UPDATED: On Wednesday, March 2, 2005, Tori made an appearance and performed in Paris, France at Dutch designers Viktor and Rolf's Fall Winter 2005-06 ready-to-wear fashion collection. I don't think Tori actually walked the runway, but she did play at the piano while other models walked. Style.com reports that she premiered "a specially commissioned 15-minute composition set to the biblical words of the Song of Solomon. 'I sleep walked, my heart waketh,' she sang, dramatically..." Style.com also has two photos of Tori at the event, which are here and here. You can also see photos of Tori at this event at news.yahoo.com. The best are here, here, here and here. In addition, you can find several photos from this event at gettyimages.com. (Although you have to be a member to see them full-sized.) Thanks to the many people who told me about this, including Nicole Basurto, Trent, Eric Antos, Nexsub and Paul Cole. Lastly, you can read an article about Tori's appearance at this show from The Independent newspaper in the U.K. This story appears in the March 3, 2005 edition.
Here is the text of the article from the U.K. newspaper The Independent:
Tori Amos makes Viktor and Rolf's dreams come true
By Susie Rushton in Paris
The flame-haired American singer Tori Amos captivated the audience at Viktor & Rolf's fashion show held at the intimate Theatre des Bouffes du Nord in Paris yesterday. Swaying wildly as she played a grand piano set in the middle of a stage, Amos, dressed in a kimono with matching trousers and high heels, sang a composition that appeared to refer to unrest in the Middle East, as models circled around her piano wearing Viktor & Rolf's autumn/winter 2005 collection.
However, the predominant theme for this collection seemed not to be any political issue but dreams and fantasy. A lipstick-red satin duvet coat, worn with enormous feather pillows pinioned to the back of a model's head, her hair splayed across it as if tucked up in bed, was both surreal and charming.
The Dutch design duo behind yesterday's spectacle - also known as Viktor Horsting and Rolf Snoeren - are famed for staging high-impact theatrical conceits while other designers are content to settle for a simple catwalk. For past shows the bespectacled designers have made over a cast of models as clones of the actress Tilda Swinton, projected videos onto electric-blue clothing and, at the beginning of their careers, launched a perfume in a bottle that couldn't be opened. Last year they debuted their first real perfume, but it seems that mainstream success has not yet satiated their appetite for drama.
Yesterday's concert-cum-fashion show, held in a theatre known for its avant-garde productions, was one of their most gripping yet. However, there were plenty of real-life clothes suitable for a woman's waking hours on show. While Amos sang passionately, Viktor & Rolf for their part sent out an ode to the classic white shirt, which was either given a froth of bedlinen-style broderie anglais at the collar or pinned with embroidery samples. In this predominantly black and white collection the designers also demonstrated that they can cut a mean pair of trousers - the commercial mainstay of many fashion brands. Theirs are flat fronted and boyish, or quilted and worn with a tuxedo jacket.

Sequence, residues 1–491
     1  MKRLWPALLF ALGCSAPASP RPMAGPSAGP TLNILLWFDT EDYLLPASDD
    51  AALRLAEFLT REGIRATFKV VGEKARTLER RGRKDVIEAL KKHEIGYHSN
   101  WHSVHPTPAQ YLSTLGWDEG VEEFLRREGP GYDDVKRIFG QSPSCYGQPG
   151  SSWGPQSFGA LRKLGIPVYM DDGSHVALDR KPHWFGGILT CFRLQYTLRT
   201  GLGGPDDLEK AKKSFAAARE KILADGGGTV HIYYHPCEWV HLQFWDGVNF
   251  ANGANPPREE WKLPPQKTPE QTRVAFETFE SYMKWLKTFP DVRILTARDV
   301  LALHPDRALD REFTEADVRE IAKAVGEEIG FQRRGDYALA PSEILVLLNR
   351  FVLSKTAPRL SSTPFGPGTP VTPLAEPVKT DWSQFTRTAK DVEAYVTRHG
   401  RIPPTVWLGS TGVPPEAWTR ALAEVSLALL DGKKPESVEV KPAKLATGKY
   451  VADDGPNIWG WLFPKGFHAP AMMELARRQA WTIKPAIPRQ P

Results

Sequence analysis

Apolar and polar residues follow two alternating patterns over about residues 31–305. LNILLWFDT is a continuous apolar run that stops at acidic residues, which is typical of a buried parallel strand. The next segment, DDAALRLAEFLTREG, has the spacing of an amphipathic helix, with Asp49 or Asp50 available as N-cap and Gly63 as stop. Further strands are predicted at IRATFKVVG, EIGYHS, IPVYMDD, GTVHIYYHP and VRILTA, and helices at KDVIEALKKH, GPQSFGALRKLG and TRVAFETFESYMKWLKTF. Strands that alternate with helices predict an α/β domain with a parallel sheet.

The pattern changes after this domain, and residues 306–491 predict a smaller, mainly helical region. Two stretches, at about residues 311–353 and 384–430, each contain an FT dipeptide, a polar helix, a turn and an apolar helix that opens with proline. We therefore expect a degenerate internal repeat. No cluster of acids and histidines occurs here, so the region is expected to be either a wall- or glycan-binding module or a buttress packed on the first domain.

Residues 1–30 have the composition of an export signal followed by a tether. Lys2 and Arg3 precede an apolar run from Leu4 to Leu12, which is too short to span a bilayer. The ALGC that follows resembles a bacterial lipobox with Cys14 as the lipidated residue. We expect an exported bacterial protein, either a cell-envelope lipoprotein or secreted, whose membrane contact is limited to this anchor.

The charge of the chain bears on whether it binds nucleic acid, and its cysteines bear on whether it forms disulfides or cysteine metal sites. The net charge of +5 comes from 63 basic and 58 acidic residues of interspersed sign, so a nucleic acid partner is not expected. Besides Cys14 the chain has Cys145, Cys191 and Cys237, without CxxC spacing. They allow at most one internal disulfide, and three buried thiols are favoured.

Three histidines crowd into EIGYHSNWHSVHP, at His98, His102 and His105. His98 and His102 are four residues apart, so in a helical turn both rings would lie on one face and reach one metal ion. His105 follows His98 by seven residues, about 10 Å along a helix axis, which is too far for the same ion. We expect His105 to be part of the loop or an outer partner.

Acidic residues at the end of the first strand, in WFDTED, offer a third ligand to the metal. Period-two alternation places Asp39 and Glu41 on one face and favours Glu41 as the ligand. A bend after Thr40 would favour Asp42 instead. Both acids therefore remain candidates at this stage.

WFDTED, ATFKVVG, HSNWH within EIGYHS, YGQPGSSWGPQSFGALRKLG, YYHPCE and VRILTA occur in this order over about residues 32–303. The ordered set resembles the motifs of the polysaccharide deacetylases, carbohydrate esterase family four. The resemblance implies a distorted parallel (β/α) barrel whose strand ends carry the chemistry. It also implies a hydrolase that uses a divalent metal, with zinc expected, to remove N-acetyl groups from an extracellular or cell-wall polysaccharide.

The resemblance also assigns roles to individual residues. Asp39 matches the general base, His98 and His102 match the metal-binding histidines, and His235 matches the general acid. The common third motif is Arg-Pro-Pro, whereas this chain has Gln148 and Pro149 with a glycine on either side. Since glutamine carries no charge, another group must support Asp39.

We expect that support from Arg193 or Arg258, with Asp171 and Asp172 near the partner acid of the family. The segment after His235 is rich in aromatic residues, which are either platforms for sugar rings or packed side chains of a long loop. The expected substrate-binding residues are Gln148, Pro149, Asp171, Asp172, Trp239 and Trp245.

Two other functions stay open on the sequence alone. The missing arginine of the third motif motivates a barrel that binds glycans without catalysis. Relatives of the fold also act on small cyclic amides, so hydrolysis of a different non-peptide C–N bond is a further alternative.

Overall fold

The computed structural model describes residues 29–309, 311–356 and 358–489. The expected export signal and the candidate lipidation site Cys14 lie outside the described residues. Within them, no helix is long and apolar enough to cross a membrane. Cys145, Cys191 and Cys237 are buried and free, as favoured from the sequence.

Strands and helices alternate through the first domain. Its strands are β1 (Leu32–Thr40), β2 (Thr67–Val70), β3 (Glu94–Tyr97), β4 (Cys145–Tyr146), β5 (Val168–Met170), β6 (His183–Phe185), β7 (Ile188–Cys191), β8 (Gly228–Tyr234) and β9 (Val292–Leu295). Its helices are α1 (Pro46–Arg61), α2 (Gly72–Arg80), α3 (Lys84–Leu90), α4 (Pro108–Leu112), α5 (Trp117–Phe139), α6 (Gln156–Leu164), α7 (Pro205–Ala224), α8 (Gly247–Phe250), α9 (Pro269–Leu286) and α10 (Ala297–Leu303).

For evening, Viktor & Rolf proposed either black wrap dresses or oyster or caramel-coloured floor sweeping gowns with pretty drapes of fabric falling from model's bare shoulders.
A final fairytale princess dress of ivory tulle and satin embellished with the words "I Love You" written in red sequinned script spelt out a happy ending for the duo's dreamlike spectacle.
Here is the text of an article from Style.com
PARIS, March 2, 2005 - Just as fashion fatigue threatened to set in at the collections, Viktor & Rolf dreamed up a fantasy solution: Why not go to work in your bed? Lily Cole, for one, appeared on set with her red hair splayed out on a pristine, lace-edged cotton pillow and a neatly folded-over sheet inserted into the neck of her coat. She led a troupe of fellow sleep-deprived models, all in V & R's surprisingly chic renderings of bedclothes: shirts that were part sheets, with all the eyelet trims and frills intact; comforting duvet coats with huge wolf-trimmed collars; suits fashioned from quilts; and charmeuse boudoir sheets wrapped into evening dresses.
The somnambulist girls circled a stage where Tori Amos sat at a grand piano, premiering a specially commissioned 15-minute composition set to the biblical words of the Song of Solomon. "I sleep walked, my heart waketh," she sang, dramatically tossing her mane of crimped red locks. Sound mad? It was, but in a gentle sort of way. Fashion needs an occasional nudge of performance lunacy, if only to keep itself awake. And in any case, these days, Viktor & Rolf don't allow surrealist antics to block the view of their increasingly accomplished way with smartly normal clothes.
These included some of the season's best black tuxedo pants, dashing black raincoats with fan-pleated storm flaps, and a pea coat with frilled edges. In the sheet department, shirts with broderie anglaise edgings and folded fronts were a great contribution to the season's growing white shirt trend. And a beautiful charmeuse and lace gown (embroidered with a red rose, like a love token left on a pillow) proved that Viktor & Rolf are learning how to whip up dresses for a dreamy night.
- Sarah Mower